‘Learning in and out of lockdown’: A comparison of two groups of undergraduate occupational therapy students' engagement in online-only and blended education approaches during the COVID-19 pandemic

Ted Brown, Luke Robinson, Kate Gledhill, Mong-Lin Yu, Stephen Isbel, Craig Greber, Dave Parsons, Jamie Etherington

Research output: Contribution to journalArticleResearchpeer-review

3 Citations (Scopus)


Introduction: In many countries, the COVID-19 pandemic resulted in sudden changes to the delivery of health professions education in response to local and national lockdowns. Within occupational therapy, university education programs traditionally delivered in face-to-face classroom, and clinical settings, the transition to online learning presented unique issues and challenges for faculty and students. This study compared the experiences and perceptions of learning in two groups of occupational therapy students during the pandemic: one group converted to online learning only and the other had a blended approach that combined face-to-face on-campus learning with some online lecture content delivery. Methods: Two hundred and eight (n = 208) undergraduate occupational therapy students from three Australian universities completed an online self-report demographic questionnaire and two standardised instruments: the Student Engagement in the e-Learning Environment Scale and the Distance Education Learning Environment Scale. An independent-samples t test with bootstrapping was completed to examine differences in students' scores. Results: Statistically significant differences were observed between the online and blended learning groups across a range of the SELES and DELES subscales. The strongest findings related to psychological motivation (p = 0.001), personal relevance (p = 0.001), interactions with instructors (p = 0.002), instructor support (p = 0.001), student interaction & collaboration (p = 0.001), and cognitive problem solving (p = 0.001). Conclusion: Occupational therapy students who transitioned to online-only learning experienced higher levels of motivation, interactions with instructors and peers, and self-directed learning than students who experienced a blended education delivery approach of face-to-face and online learning. The findings extend educators' understanding of the matrix of factors that have impacted students' education during COVID-19 and support the development of contemporary and pedagogically sound online and traditional modes of occupational therapy instruction. The results provide evidence of the importance of well-structured programs that facilitate active and flexible learning, provide meaningful and positive experiences, and promote initiatives safeguarding social and personal well-being. Further research in this area is recommended.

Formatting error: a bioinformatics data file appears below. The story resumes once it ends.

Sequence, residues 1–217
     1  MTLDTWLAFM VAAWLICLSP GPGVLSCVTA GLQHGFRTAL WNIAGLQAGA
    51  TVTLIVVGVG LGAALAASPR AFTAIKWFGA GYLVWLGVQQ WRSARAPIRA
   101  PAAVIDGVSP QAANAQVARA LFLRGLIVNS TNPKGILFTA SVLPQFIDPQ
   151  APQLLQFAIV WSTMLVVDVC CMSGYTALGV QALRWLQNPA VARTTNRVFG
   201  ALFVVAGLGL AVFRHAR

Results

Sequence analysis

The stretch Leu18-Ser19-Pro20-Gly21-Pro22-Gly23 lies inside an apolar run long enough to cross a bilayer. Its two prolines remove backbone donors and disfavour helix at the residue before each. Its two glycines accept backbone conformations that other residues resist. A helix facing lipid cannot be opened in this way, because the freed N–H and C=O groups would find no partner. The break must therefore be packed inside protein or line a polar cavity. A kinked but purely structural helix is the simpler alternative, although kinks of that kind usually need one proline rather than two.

Original languageEnglish
Pages (from-to)301-315
Number of pages15
JournalAustralian Occupational Therapy Journal
Issue number3
Publication statusPublished - Jun 2022


  • blended learning
  • COVID-19
  • education
  • occupational therapy students
  • online learning

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